Farnborough dates back to Norman times and lies on the north-east Hampshire border with north-west Surrey.
In 1879, Farnborough was the town chosen by Her Imperial Majesty, the Empress Eugenie, who was the widow of Napoleon III of France, for her main residence. She acquired the country estate know as Farnborough Hill which was transformed into a magnificent mansion. A mausoleum was created as a final resting place for her late husband and son. An ornate monastery was also constructed which became an Abbey in 1903. Empress Eugenie died in 1920, aged 93, and was interned alongside her husband and son. The grand funeral was attended by King George V and Queen Mary, along with other foreign royalty and European heads of state. To perpetuate the memory of Farnborough’s most celebrated resident, the highly favoured residential development of Empress Park which is set on the edge of the original Farnborough Hill estate, incorporates road name associated with this remarkable lady.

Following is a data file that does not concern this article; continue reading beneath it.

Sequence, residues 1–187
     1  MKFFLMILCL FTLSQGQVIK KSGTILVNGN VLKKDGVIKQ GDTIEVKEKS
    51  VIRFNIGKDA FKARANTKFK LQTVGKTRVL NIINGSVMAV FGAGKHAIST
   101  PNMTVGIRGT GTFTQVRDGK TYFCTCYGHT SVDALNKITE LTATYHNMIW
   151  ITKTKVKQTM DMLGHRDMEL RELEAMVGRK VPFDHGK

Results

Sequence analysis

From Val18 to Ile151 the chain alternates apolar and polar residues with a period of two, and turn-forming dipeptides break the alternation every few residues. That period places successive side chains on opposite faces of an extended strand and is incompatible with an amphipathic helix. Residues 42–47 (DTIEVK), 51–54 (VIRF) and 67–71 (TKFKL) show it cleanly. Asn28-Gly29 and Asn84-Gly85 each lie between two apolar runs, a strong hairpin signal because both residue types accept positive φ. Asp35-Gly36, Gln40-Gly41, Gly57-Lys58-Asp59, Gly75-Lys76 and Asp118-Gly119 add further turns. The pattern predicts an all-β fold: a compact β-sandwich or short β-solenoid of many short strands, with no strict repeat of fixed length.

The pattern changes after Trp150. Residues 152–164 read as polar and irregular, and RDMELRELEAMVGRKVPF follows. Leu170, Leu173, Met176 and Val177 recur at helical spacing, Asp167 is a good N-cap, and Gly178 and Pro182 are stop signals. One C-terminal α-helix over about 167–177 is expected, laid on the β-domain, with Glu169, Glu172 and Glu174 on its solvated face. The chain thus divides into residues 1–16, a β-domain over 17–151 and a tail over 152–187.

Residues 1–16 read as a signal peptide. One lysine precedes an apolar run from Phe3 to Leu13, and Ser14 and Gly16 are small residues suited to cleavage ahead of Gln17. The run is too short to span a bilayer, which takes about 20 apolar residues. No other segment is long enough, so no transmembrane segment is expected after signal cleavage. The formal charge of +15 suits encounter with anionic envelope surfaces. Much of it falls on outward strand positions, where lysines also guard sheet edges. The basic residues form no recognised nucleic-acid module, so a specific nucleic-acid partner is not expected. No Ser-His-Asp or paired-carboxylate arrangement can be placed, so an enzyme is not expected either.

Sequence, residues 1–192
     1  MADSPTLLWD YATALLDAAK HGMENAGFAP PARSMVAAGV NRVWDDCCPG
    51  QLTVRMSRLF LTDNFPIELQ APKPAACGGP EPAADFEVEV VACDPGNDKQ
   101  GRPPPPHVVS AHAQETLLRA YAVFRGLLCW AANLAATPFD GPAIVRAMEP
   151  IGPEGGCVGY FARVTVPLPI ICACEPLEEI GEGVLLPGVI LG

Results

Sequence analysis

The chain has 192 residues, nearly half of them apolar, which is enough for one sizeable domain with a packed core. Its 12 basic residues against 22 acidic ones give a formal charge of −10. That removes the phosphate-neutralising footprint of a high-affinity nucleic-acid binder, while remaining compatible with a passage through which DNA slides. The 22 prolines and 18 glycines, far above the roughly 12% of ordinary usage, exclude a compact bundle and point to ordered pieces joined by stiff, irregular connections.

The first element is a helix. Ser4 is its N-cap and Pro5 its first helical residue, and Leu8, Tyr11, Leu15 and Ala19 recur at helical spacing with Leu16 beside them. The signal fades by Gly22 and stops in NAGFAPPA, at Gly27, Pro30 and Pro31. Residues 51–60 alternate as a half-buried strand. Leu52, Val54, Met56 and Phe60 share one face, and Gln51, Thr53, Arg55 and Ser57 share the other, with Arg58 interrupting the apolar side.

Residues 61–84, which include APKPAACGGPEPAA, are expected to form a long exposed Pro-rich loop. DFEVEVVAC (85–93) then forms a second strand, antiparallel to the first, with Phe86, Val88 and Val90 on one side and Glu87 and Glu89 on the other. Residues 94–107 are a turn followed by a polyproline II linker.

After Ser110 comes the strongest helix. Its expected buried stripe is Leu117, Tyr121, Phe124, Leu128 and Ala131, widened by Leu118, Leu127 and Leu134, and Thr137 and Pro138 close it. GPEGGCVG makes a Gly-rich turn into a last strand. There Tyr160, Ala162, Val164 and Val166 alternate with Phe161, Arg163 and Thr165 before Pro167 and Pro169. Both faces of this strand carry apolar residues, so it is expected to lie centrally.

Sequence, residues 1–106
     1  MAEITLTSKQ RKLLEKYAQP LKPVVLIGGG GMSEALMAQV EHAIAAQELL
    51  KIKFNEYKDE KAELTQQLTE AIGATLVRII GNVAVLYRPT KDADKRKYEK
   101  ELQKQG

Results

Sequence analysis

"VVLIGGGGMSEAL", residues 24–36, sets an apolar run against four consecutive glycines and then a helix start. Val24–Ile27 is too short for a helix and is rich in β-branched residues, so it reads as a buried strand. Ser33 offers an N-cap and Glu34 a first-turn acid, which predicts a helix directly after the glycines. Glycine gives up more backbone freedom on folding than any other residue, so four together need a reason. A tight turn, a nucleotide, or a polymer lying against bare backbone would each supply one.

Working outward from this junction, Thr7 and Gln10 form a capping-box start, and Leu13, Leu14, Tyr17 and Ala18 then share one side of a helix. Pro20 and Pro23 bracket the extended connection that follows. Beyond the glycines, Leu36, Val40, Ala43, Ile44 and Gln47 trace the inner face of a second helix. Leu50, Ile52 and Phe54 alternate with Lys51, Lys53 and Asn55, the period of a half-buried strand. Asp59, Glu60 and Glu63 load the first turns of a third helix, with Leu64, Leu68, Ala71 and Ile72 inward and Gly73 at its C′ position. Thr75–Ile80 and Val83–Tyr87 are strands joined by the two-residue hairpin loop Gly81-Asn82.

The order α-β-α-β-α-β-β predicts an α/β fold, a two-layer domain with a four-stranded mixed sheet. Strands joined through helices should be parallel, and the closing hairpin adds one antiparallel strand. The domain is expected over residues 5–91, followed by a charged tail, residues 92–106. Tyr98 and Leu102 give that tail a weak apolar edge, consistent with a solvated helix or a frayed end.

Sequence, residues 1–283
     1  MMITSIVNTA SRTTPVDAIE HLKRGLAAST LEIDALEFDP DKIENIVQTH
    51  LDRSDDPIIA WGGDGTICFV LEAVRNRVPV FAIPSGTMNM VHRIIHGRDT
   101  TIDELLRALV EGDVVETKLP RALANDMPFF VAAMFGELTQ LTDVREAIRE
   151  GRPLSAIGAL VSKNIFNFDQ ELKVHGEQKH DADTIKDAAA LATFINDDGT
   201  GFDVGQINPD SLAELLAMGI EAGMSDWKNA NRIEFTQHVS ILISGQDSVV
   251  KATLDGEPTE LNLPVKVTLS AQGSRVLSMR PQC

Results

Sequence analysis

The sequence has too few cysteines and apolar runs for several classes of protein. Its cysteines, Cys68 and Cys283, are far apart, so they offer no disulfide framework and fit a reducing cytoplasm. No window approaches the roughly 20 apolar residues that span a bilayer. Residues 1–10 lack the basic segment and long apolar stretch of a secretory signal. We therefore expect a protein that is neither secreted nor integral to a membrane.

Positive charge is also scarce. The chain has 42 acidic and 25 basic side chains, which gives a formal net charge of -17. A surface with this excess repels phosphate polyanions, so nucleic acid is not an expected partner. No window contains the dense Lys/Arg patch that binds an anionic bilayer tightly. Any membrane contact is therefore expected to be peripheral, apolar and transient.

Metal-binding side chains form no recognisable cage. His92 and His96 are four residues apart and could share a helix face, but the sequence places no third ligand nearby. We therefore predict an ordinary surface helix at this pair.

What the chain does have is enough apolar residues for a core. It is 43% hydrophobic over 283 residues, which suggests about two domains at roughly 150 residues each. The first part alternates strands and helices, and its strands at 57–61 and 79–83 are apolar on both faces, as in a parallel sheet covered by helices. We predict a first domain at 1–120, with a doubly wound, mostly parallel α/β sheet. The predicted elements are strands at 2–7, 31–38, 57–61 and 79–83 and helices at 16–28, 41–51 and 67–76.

Farnborough has the considerable advantage of being easily accessible to both London and the southern coast.
The local economy is particularly strong with full employment, prompted by a number of locally based major employers. The thriving central shopping centre has been attractively redeveloped with further expansion planned. The town provides a wide selection of highly rated schools.
Farnborough railway station is on the main West Country line, serving Waterloo in only 37 minutes. Farnborough North and North Camp railway stations are both on the Reading, Guildford and Gatwick Airport line. Road access is well served by junctions 4 and 4a of the M3 motorway, connecting to the M25 and Sunbury with the M27 near Southampton. The dual carriageway relief road (A331) adjoins the east side of Farnborough and links junction 4 of the M3 directly with the dual carriageway of the Hogs Back (A31), which connects with the A3 to London.